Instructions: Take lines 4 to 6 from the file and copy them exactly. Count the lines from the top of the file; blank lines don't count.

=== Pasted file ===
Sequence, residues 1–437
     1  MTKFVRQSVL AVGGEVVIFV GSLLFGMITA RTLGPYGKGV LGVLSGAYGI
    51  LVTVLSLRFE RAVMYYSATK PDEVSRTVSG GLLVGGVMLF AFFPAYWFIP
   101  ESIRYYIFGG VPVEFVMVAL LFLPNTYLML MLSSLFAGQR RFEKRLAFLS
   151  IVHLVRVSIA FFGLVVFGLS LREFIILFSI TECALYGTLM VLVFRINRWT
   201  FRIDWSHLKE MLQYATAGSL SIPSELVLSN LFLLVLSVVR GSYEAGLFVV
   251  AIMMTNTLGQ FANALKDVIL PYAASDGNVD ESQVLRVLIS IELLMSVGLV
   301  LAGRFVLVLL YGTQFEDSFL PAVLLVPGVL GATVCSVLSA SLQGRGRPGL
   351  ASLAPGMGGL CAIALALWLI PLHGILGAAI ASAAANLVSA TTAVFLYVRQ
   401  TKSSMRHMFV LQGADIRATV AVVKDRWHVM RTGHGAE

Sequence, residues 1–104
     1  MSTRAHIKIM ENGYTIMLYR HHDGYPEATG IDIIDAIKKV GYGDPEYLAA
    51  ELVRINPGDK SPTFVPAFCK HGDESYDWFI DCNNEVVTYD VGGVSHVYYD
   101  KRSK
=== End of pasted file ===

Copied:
   101  ESIRYYIFGG VPVEFVMVAL LFLPNTYLML MLSSLFAGQR RFEKRLAFLS
   151  IVHLVRVSIA FFGLVVFGLS LREFIILFSI TECALYGTLM VLVFRINRWT
   201  FRIDWSHLKE MLQYATAGSL SIPSELVLSN LFLLVLSVVR GSYEAGLFVV